In Glendale, Arizona I performed in the amphitheater adjacent to city hall. Some years back the mayor seeing my sidewalk show at the Glitter and Glow Festival suggested to her event coordinator that my variety show might be perfect for this large venue. The following year I brought in two sensational performers and we filled the seats for three back-to-back shows. Liabilities for shows with fire and performing dogs means having the right insurance. That’s just standard operating procedure. Lengthy discussions are undertaken every year over how many police officers will be needed. Different kinds of programs attract different audiences, but there is always risk, and remember this event was ungated, there were no fences, anyone can come to this free civic event.
In Washington DC and in legislatures across the United States gun laws going against popular opinion were being relaxed. One result is metal detectors are common now. Bags are searched, many are required to be patted down.
Special event producers have always had to come up with a security plan, when the planning is inadequate, and trouble breaks out the violence can be devastating. The Alameda County Fair, Gilroy Garlic Festival and Southplains Fair in Lubbock, Texas all suffered the nightmare scenario when a gun carrying attendee opened fire at their events.
A rural branch library has no money to spend on security. The funds are just not there. An institution open to the public depends on the fabric of our society remaining stable. Our civic life requires that citizens behave responsibly. But we are not that country anymore— our civic life has taken a dark turn and all of us can feel it— anyone, anywhere at any moment may stop talking and start firing bullets from military assault weapons, and hoping you’re not in the wrong place at the wrong time is not a strategy for building a more perfect union.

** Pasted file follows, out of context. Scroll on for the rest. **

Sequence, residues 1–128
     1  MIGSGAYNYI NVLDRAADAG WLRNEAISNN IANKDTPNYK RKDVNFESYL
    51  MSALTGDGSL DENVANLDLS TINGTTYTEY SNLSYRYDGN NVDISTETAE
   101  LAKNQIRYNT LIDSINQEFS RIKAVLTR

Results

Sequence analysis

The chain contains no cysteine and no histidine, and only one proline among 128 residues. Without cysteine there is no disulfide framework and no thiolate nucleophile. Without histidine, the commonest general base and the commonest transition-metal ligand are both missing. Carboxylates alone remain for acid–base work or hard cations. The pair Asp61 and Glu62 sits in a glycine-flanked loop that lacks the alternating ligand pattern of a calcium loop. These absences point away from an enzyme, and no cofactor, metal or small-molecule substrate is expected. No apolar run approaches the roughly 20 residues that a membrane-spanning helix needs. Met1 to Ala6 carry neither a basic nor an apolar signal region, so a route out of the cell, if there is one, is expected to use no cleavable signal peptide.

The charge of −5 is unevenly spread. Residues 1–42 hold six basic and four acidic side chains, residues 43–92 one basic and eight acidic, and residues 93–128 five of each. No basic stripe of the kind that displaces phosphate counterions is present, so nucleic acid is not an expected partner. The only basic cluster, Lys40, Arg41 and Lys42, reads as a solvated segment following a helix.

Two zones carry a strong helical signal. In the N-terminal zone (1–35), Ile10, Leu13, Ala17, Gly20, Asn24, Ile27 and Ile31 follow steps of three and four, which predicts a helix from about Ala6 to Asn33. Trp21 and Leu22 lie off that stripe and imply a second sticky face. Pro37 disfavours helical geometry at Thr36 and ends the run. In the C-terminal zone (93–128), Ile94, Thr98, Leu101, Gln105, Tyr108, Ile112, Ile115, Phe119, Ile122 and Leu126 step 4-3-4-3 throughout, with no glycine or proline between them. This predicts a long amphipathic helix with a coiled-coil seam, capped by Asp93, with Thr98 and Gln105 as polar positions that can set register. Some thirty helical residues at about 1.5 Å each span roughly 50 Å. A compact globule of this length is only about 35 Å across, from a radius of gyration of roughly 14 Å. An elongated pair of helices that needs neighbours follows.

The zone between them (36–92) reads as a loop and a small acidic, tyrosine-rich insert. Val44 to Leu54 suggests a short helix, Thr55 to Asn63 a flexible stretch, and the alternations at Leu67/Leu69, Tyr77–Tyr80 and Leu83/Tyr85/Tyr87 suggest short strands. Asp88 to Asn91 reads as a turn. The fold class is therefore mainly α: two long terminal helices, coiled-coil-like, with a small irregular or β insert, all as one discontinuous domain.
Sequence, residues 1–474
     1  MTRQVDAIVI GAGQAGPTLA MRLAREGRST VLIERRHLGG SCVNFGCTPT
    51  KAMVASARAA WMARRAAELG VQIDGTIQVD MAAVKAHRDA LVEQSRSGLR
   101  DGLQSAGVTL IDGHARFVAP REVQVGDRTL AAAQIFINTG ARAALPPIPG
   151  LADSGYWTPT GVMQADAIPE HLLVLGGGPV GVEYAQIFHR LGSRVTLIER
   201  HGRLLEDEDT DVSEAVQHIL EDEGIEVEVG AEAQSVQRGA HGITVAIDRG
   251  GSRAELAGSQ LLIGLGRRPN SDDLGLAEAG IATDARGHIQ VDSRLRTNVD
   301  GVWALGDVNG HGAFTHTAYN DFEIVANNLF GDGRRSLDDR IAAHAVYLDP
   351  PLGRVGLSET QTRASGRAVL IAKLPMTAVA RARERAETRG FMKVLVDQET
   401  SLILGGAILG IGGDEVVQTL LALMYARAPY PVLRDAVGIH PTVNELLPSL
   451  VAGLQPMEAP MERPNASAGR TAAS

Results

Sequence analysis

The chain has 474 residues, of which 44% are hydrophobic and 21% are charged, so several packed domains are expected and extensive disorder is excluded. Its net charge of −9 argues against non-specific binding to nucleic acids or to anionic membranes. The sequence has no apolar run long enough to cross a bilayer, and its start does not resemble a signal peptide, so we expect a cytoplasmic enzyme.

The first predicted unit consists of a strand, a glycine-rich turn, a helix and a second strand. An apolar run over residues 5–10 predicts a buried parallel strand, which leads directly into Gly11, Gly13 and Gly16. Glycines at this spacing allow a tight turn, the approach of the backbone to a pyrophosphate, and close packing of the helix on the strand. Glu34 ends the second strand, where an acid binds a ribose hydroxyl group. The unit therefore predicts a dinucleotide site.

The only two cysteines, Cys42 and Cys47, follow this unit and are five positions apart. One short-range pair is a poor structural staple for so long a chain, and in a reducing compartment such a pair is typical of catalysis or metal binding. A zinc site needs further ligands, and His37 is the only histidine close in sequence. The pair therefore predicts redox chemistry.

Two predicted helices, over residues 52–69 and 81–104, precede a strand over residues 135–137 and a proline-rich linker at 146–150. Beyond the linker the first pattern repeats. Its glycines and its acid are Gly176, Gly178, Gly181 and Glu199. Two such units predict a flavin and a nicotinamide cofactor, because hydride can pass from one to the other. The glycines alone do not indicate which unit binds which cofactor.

It is reported that there are now 20 million military style assault weapons in the hands of American gun owners. I know of one or two, and one individual has been having a hard time of life of late. Do I know if or when he might snap— of course not, I’m not a mental health professional, but there it is, and here we all find ourselves.
Decades ago, the National Rifle Association took a turn and used their funds to influence elections in the United States. Only a few million members belong, but it is this group that the Republican Party added to their coalition, a group that vows no compromise, ever, that gun ownership is absolute. Like the Club for Growth, they grade each politician on their vote, and whip members to support their cause— if you don’t give them your vote your career will soon be over.
Republicans have added voting rights, women’s health care, immigration and gun safety to a list of issues that are off-limits. All legislative action is blocked. All of us can feel it now. Everyone in the majority, all these issues have their constituencies and all show that there are large majorities favoring Congress respond. Doing nothing and generating frustration is even part of the strategy, doing nothing is seen as a win, and compromising is a loss.
It is painful to arrive for summer circus camp with the world in this state of tension. One facility where I teach has a skilled and talented staff that each morning monitors the incoming teachers and students coming to class. These are dedicated professionals, good souls to a one, all working for the common good, none out to make a fast buck, trying to strike it rich, they are there because they believe in what they are doing.
Our nation has turned into an intractable combative nation none of us recognize, a nation held hostage by a gun lobby that has fomented political stalemate. Russia and China are delighted, if they could just break our country apart, if they could discredit liberal democracy, prove the rule of law can’t work, then they can come for us, take our freedom, oppress us, autocrats want to subjugate its citizens.
Our children deserve better. We have no choice, we must change course, and if you won’t or can’t, perhaps it is time to reconsider what has happened, where did our best-self vanish to— I’m just a simple ordinary person— California born and raised— the arc of justice is slow— we’ve gone offtrack— taken those two steps backward— it’s time we step up— for the love of our children and for the sake of the world it is time